At What Point Do We Say Enough to Crazy Stage Mamas?
Preparing you for the madness that is 'Dance
By Barbara Card Atkinson Special to MSN TV
Moms," offers audiences a backstage peek at the world of competitive
dance for children. Though I've seen only the initial episode, I can
say with certainty that the new reality show on Lifetime is
about an over-the-top dance instructor, the young students she bullies and
the ridiculous moms who enable (and pay) her. Will Lifetime's latest
"docuseries" entertain you? My guess is that it will upset you, annoy you,
possibly enrage you, and eventually disappoint you, if only because you don't
want to believe that adults actually behave toward children the way they are
depicted here. "Dance Moms," basically, is the perfect show for those few
viewers who find redeeming social qualities in TLC's crown jewel, "Toddlers and Tiaras," but wished it showed more plantar
In the no longer newfangled world of reality TV, viewers have an astonishing
number of programming choices. Some of those choices feature human dynamics ("The Real
World," "Real Housewives," "Jersey
Shore"), some follow competitions ("American
Idol," "So You
Think You Can Dance"), and still others give viewers a peek backstage ("Top
Next Top Model," "Project
Runway"). What all of those shows have in common are two things: Adults
sometimes (or, in the case of "Shore" and "Housewives," consistently) behave
badly, and the cast is made up of adults. Do some of those adults say and
do controversial things in order to get more "airtime?" Again, in those shows,
adults are choosing to behave a certain way toward other adults. "Dance Moms,"
however, like "Toddlers and Tiaras," predominantly features the activities of
parents and other adults interacting with children. Adults acting badly toward
each other and toward children? That latter part is where it gets distressing.
And just like "Toddlers and Tiaras," when kids are in the mix, the ick factor
goes through the roof.
We all have some shows we enjoy watching that we consider a guiltily
pleasure, a so-bad-it's-good experience (for me, it was the "Rock of Love"
franchise. That was artificial whipped topping on top of cheesy, gooey goodness.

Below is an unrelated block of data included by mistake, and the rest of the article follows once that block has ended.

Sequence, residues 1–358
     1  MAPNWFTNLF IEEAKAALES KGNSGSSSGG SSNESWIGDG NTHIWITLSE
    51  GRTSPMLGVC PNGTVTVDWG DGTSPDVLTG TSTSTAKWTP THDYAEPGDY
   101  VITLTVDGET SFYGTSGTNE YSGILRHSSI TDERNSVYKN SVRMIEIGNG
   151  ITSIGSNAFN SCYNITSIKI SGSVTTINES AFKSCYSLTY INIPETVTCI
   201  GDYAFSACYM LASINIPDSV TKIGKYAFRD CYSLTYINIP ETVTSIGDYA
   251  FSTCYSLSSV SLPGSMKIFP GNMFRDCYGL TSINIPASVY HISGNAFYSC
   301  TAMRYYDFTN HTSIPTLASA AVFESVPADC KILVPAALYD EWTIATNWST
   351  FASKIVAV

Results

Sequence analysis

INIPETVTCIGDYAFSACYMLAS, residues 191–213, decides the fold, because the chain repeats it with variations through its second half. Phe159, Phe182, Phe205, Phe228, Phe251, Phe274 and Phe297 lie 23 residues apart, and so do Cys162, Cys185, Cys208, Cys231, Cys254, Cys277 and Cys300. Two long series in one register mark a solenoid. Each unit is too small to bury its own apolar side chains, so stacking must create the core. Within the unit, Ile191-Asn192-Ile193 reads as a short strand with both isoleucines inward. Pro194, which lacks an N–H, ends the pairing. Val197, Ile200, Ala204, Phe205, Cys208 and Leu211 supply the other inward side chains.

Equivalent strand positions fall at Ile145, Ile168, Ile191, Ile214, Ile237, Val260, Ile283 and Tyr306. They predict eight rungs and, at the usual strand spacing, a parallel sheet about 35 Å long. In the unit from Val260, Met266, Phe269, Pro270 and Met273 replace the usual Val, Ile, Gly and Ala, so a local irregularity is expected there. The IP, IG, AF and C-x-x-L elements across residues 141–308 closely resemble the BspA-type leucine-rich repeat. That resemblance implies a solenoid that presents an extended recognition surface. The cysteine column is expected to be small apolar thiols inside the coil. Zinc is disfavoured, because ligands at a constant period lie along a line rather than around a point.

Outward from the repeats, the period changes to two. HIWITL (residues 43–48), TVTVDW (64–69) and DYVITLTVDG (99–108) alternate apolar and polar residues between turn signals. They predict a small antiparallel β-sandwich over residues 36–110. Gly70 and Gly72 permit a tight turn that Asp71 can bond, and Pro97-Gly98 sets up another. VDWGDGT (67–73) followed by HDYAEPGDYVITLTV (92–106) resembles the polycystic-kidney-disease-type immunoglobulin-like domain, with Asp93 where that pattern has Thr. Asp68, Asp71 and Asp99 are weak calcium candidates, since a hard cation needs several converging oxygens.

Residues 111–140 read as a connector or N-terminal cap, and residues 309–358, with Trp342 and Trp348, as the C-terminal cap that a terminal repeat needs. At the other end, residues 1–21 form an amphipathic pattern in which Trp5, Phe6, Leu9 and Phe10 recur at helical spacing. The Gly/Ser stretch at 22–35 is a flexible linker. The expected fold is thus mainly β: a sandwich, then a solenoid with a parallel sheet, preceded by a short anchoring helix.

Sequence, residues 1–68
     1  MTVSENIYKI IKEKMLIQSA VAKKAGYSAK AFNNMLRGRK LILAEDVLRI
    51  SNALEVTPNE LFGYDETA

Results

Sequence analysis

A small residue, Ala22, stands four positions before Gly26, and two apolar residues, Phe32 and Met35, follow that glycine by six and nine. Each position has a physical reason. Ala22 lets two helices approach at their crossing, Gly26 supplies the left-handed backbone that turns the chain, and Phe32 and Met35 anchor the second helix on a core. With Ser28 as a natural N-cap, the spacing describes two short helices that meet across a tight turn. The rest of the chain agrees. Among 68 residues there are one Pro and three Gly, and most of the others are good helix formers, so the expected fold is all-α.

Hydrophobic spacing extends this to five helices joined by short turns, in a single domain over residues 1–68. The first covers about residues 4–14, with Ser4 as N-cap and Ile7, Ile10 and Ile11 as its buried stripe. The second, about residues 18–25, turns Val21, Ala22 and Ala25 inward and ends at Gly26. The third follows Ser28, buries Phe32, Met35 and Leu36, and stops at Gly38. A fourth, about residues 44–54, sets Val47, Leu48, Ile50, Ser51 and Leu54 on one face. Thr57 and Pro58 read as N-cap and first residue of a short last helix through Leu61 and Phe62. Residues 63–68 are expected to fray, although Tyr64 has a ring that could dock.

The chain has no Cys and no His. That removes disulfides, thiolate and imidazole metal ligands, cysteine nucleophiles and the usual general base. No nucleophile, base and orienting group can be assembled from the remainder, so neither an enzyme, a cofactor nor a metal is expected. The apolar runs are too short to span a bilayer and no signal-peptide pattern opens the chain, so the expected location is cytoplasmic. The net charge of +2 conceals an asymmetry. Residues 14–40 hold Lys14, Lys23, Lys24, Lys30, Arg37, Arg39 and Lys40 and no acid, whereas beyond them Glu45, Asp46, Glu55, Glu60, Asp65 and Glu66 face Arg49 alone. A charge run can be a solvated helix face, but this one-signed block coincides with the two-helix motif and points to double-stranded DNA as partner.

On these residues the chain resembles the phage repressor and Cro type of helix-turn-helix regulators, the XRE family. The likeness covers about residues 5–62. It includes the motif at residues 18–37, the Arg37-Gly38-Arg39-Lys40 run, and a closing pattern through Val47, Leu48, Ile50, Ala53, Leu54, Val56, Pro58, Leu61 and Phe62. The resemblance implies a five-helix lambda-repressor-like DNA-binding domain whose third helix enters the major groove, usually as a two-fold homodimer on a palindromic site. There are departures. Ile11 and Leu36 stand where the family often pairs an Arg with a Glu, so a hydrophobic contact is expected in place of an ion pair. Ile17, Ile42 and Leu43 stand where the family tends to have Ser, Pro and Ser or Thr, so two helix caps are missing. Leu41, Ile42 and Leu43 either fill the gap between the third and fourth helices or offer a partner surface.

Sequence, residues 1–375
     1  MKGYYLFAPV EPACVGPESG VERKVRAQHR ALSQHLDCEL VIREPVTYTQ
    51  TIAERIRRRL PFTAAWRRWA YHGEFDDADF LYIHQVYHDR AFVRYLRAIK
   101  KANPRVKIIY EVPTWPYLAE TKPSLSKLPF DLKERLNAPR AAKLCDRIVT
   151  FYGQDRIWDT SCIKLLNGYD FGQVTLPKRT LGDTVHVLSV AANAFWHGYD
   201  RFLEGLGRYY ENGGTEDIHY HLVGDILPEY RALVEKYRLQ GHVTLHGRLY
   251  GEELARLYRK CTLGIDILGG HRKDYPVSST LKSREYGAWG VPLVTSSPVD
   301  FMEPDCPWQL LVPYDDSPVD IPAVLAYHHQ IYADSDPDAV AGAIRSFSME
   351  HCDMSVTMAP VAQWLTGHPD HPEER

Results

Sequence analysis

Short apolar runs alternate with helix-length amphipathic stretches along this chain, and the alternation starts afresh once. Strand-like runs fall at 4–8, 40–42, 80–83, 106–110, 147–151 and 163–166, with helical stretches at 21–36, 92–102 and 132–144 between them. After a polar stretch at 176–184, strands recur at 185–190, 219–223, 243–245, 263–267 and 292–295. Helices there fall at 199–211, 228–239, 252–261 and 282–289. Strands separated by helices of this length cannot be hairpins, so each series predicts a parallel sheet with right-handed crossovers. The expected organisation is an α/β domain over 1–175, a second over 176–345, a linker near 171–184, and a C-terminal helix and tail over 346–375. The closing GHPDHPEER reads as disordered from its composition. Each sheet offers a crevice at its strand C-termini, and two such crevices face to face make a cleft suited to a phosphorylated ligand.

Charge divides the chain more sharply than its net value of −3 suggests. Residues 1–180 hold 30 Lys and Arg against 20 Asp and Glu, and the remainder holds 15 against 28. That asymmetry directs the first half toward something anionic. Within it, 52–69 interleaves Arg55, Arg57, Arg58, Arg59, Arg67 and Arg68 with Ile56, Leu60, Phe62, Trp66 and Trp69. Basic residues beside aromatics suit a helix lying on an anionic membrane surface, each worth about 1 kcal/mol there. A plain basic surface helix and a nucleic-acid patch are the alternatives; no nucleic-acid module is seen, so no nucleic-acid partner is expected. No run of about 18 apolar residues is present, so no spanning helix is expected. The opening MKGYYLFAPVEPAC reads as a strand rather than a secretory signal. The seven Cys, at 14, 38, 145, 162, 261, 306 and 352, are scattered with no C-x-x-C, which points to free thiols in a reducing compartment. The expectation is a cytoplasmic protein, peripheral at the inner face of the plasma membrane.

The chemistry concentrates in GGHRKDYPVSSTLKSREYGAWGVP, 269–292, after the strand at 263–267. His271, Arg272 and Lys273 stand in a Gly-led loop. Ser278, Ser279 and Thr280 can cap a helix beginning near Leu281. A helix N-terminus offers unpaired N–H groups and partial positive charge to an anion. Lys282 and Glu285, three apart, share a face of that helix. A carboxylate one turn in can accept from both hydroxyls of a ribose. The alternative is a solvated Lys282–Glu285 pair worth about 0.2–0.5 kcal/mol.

And no children were harmed in the making of that train wreck). "Dance Moms"
explores a group of youngsters enrolled at the Philly-based Abby Lee Dance
Studio. According to the Abby Lee website, her dancers have won such prestigious
titles as "Teen Miss Dance of PA" in 2004, and former student Miranda Maleski
made it into the top 20 in Season 8's "So You Think You Can Dance." So, if it's
not an exploration of the most successful dance studio for children, what
exactly makes it so compelling? Four words: the amount of crazy. Dance
instructor Abby makes Jillian Michaels look like Glinda the Good Witch as she
browbeats her group of pint-sized dancers into working toward a national title
for her company. And then there are the moms: catty, pushy, boundary-blurring,
insensitive -- they're iconic stage moms. The result is a discomforting mess.
And someone needs to acknowledge that watching stage moms do what they do best
is not the same as watching the musical "Gypsy" or any other show that depicts a
stage mother. That was fiction (with great music!). This is creepy, creepy
reality. "Dance Moms" is stage parents on parade, and their sometimes weeping
So, let's look at it from the stage parent perspective: We all want our
children to do well; some of us have children who have displayed talents from an
early age, and some of us have children who actually want, all of their own
volition, to perform.
As graduation day approaches, tension begins to build between Frankie and Axl when he ignores her requests for answers about the graduation party she's planning for his special day. "The Middle" airs Wednesdays at 8 p.m. ET/PT on ABC.